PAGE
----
Spike in dengue cases; numbers could climb due to increased circulation of new strain

Spike in dengue cases; numbers could climb due to increased circulation of new strain

Singapore - dengue fogging, mosquitoes
A worker fogs a housing estate in Singapore. (Photo: AFP/Roslan Rahman)

SINGAPORE: Dengue cases have spiked over the past two weeks, with 400 cases reported last week, up from 371 cases in the week before that, said the National Environment Agency (NEA) on Tuesday (Feb 11). 

Another 63 cases were reported between Sunday and 3pm on Monday, said NEA in a notice uploaded on their website. As of Monday, there were 114 active dengue clusters, with large clusters located at Begonia Drive, Gangsa Road, Jalan Kembangan, Ang Mo Kio Avenue 10 and Jurong West Street 91. 

The number of weekly cases had been rising between mid-December to mid-January, peaking at 404 cases. It dropped to 309 the week of Jan 19, and has been increasing since. 

According to NEA, the increase in circulation of the dengue-3 serotype, the high Aedes aegypti mosquito population, and the current high number of dengue cases could cause the number of reported cases weekly to rise above current levels in 2020. 

In a news release in January, the agency had said that it detected the dengue-3 serotype in more clusters across the island, including at the large clusters of Jalan Bangau near Yio Chu Kang, Cashew Road in Bukit Panjang and Jaland Paras in Chai Chee. 

Since 2016, dengue-2 has been the predominant serotype in Singapore. 

“As Singapore has not seen a dengue-3 outbreak in the last three decades, the population immunity for dengue-3 is low and therefore more susceptible to transmission of the virus,” NEA had said in January.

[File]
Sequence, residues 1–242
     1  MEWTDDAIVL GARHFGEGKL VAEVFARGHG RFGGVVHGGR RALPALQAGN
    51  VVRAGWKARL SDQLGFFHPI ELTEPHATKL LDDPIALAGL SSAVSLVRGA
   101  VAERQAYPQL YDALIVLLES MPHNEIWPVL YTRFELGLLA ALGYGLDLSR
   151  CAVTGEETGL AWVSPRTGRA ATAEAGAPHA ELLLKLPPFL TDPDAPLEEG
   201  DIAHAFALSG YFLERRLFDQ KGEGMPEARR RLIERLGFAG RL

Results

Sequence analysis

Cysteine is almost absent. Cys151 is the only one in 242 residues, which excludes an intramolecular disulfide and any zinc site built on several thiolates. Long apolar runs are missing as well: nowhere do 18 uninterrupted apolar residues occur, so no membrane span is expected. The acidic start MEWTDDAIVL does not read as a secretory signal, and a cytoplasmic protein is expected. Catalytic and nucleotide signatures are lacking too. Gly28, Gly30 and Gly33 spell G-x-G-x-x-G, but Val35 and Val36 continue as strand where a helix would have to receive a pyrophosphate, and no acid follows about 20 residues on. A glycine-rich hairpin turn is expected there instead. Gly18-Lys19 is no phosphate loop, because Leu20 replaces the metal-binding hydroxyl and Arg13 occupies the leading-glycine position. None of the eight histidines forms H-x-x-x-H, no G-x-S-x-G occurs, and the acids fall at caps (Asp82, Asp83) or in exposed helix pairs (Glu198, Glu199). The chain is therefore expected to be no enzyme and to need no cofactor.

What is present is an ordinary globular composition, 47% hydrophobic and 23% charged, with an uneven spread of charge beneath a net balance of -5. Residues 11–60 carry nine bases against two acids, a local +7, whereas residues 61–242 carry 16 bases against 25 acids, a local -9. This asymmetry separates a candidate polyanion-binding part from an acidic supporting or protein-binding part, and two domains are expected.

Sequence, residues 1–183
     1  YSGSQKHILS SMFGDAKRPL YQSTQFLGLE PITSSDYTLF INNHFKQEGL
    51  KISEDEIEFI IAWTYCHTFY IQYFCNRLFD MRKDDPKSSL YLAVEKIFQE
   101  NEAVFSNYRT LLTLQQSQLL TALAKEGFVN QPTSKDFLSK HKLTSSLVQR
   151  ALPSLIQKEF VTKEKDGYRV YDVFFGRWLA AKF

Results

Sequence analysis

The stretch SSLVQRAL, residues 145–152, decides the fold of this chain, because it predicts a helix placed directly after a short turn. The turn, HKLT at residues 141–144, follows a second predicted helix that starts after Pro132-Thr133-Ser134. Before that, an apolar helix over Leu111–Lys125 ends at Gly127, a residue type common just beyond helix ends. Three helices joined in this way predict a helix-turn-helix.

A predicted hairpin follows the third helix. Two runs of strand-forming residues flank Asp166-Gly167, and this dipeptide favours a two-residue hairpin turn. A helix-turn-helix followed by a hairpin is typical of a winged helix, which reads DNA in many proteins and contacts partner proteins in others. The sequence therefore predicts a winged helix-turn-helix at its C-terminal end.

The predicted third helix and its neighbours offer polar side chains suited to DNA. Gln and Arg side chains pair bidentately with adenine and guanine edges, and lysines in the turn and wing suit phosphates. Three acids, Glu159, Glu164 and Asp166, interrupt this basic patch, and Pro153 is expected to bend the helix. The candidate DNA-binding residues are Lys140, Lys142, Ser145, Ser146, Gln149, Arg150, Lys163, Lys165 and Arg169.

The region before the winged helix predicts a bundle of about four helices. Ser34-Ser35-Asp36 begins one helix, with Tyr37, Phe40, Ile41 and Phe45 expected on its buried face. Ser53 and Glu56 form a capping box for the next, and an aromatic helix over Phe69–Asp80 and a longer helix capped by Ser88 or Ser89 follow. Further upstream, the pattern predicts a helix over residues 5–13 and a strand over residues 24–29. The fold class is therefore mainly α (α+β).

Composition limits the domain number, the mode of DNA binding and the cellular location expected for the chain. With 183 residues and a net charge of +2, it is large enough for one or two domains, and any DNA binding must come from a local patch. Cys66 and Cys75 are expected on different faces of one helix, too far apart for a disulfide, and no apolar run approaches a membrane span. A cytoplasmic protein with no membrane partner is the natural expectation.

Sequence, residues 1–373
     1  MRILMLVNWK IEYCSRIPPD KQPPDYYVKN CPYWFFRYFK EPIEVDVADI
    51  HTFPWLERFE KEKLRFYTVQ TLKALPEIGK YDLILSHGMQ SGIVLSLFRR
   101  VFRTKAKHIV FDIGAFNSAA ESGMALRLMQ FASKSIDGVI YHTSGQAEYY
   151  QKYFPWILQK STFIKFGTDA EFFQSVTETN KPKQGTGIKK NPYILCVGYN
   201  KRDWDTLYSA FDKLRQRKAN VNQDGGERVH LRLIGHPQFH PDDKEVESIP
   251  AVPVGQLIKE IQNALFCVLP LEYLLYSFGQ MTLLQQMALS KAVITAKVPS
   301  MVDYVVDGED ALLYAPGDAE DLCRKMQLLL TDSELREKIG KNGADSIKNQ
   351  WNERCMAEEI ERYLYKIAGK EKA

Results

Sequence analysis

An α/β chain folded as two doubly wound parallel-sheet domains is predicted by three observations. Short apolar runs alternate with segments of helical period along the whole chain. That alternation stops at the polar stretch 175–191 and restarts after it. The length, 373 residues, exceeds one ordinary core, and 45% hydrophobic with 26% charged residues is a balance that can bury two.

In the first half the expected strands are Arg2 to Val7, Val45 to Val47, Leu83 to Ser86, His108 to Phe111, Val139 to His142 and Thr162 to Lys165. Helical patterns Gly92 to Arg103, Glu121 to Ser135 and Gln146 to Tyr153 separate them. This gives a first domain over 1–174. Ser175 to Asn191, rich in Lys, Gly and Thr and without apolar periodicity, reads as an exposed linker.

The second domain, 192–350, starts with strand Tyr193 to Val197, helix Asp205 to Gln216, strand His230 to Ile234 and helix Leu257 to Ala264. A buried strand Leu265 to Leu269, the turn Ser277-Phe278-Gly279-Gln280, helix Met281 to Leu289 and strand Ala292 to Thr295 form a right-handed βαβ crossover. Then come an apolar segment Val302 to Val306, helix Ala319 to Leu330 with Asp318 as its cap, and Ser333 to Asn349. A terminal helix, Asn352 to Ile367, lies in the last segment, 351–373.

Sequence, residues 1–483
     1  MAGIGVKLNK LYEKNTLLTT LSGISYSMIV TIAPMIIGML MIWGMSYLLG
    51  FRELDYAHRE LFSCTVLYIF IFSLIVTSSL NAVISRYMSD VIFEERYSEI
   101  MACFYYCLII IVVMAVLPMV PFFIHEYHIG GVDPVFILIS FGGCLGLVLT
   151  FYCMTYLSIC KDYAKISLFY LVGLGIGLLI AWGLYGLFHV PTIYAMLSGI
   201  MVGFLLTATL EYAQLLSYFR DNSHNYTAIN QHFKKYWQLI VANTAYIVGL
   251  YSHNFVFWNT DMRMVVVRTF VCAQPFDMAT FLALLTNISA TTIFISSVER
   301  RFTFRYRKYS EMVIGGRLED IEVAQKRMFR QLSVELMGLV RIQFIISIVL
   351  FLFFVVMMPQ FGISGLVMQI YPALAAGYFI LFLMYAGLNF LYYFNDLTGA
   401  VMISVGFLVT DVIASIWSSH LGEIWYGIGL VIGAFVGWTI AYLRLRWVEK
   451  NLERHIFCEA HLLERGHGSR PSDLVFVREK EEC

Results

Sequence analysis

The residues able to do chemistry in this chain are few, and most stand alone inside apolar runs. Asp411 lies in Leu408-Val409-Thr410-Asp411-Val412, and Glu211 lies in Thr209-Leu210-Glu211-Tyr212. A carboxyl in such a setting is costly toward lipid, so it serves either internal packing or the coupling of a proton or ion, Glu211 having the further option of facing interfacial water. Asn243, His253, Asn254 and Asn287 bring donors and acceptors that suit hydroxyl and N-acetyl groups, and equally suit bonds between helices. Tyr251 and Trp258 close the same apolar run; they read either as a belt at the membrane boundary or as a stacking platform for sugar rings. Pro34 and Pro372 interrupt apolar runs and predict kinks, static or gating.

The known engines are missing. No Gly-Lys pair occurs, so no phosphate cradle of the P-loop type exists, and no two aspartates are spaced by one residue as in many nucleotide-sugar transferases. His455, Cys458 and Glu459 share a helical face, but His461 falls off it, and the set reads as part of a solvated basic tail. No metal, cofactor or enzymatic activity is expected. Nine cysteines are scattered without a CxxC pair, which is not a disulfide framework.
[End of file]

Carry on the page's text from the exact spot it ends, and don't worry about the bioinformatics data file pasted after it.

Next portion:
In December, a new S$5 million mosquito production facility opened to support the environment agency’s goal of expanding Project Wolbachia field trials. 

Project Wolbachia involves infecting male aedes aegypti mosquitoes with Wolbachia bacteria, so that when it mates with a female, the eggs will not hatch. Male Wolbachia-infected mosquitoes also do not bite.

Project Wolbachia entered its fourth phase in November 2019, expanding trials to 284 residential blocks at Tampines West and Nee Soon East. 

The third phase had previously covered 144 residential blocks in the same areas and achieved a 90 per cent suppression rate.

This comes after the surge of dengue cases in 2019, with close to 15,000 cases and 20 reported deaths. 

“Concerted community action and sustained mosquito control efforts are thus needed, to prevent further escalation of the Aedes aegypti mosquito population, and an increase in the number of people becoming ill with dengue,” said the environment agency in its Feb 11 notice, urging Singaporeans to be vigilant in removing stagnant water from their surroundings, breeding grounds for Aedes aegypti mosquitoes. 

Source: CNA/hw

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